In 1963, the CBC’s Patrick Watson went to see Pierre Trudeau, then a professor of law at the University of Montreal, to invite him to become one of the hosts of a new public affairs television program that was being planned. It turned out to be This Hour Has Seven Days. Trudeau was becoming restless in academic life and the idea of, as he put it, the mêlée of television was beginning to appeal to him. That was, after all, the world in which his friend René Lévesque (before he became a Quebec nationalist) was making a splash with his one-man public affairs show Point de Mire on Radio Canada. In the end the Watson-Trudeau negotiations collapsed because Trudeau could not accept the idea that the CBC as legal publisher had to have the last word on what went on the air. Eventually Trudeau became good on television, but he did not owe his political life to it.
Which major leader in North America or Europe did? I can’t think of any.
Trump became known in the U.S. as the star of the reality show The Apprentice, which became memorable because of its recurring punch-line “You’re Fired.” No one is an expert on the pathology of achieving fame on television, but surely it would be hard to prove that his rise in the Republican party was due to that program. It would be much easier to demonstrate that he owes his progress to the attention television news, and the social media, pay to him, and to the incalculable free publicity they give him.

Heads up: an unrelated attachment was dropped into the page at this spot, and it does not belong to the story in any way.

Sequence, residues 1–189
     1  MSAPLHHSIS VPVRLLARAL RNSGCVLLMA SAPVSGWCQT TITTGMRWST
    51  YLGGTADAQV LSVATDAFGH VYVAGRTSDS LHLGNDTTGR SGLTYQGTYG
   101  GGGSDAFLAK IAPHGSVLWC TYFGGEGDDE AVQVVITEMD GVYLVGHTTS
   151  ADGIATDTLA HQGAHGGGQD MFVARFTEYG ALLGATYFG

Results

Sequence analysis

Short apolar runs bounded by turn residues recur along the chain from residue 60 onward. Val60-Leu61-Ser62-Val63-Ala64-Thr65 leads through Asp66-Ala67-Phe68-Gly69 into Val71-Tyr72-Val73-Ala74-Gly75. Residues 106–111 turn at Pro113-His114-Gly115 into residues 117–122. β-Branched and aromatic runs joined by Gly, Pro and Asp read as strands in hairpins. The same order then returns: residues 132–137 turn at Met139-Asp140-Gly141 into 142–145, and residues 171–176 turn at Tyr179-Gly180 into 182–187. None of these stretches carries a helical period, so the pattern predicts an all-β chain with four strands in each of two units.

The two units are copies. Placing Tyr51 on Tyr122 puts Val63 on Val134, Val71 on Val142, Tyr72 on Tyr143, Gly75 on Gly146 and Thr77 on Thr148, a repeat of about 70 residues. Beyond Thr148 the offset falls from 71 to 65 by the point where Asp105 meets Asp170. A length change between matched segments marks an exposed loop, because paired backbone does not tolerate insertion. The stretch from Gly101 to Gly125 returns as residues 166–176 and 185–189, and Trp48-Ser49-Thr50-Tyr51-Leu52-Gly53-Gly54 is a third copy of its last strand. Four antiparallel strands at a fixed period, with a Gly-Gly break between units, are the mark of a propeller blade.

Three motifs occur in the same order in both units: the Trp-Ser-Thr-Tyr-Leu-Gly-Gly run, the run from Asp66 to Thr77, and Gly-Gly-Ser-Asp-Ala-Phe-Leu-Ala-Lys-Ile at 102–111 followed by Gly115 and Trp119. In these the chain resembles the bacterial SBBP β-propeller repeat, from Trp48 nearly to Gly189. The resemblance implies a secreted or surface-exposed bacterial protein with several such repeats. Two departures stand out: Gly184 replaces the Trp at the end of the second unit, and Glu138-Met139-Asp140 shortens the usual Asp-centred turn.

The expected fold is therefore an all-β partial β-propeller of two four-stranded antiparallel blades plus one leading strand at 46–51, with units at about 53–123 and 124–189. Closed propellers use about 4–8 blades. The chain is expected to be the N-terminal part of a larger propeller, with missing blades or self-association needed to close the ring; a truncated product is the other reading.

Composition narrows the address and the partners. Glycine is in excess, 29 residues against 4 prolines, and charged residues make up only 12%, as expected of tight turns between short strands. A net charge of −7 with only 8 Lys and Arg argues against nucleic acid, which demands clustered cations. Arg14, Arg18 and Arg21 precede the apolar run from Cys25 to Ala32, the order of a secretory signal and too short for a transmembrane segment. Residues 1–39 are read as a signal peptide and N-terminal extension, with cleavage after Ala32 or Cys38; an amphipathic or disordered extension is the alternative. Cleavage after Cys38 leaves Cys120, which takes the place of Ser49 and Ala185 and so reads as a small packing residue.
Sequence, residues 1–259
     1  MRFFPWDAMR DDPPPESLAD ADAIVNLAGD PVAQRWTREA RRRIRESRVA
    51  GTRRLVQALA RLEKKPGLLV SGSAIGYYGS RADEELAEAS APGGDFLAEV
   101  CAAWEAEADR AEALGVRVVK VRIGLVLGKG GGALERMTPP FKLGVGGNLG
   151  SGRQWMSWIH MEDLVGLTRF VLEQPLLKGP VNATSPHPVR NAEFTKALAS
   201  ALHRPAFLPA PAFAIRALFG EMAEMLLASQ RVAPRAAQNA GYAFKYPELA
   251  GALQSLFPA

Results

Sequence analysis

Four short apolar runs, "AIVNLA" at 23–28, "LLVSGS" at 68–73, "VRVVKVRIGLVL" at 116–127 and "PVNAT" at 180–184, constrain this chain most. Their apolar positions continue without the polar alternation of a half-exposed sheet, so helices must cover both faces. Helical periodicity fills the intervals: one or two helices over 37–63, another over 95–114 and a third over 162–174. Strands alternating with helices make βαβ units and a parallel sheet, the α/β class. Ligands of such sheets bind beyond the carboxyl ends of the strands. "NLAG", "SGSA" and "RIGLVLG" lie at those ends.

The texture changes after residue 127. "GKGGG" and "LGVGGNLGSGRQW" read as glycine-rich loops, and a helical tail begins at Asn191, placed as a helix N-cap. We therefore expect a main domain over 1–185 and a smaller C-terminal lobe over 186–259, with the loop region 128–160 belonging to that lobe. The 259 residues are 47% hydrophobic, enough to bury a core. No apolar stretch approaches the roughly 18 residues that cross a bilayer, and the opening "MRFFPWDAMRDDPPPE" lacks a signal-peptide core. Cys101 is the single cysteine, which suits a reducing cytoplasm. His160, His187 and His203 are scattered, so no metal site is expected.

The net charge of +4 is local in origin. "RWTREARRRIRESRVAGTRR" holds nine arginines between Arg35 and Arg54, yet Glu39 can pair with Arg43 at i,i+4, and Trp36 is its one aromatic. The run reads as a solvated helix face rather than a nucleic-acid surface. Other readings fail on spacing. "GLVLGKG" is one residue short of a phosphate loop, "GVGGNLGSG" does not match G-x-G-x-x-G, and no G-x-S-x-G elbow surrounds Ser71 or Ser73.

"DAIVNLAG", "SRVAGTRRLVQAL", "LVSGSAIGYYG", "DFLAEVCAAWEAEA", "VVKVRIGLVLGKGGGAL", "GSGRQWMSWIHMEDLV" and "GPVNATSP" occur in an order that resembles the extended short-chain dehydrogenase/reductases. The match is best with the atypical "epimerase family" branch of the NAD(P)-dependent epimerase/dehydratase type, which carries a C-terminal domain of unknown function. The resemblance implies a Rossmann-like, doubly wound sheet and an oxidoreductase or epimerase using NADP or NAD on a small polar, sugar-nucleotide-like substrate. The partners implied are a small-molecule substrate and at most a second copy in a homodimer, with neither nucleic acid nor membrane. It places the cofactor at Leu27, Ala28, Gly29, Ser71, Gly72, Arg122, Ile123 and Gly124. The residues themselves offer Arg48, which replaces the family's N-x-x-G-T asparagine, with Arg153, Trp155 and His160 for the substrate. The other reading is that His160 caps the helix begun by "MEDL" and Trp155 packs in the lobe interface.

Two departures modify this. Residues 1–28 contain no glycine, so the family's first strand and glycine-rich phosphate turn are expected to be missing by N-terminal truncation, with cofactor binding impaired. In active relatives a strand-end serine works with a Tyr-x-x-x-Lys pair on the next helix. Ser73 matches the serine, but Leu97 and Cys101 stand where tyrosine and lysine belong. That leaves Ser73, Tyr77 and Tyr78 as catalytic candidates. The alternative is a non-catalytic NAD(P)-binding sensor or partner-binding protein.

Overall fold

We can safely say Donald Trump owes his progress to the media.
How do we define media? That is easy. We think of the print and electronic outlets in a modern mass society. How else but through them do we receive information about what is going on?
Vast empires can – and do – manipulate these outlets, but this does not alter the fact that we get our information though them, one way or another. How else, if we add word-of-mouth as one of the media?
Cleopatra and Napoleon owed their place in history to the media.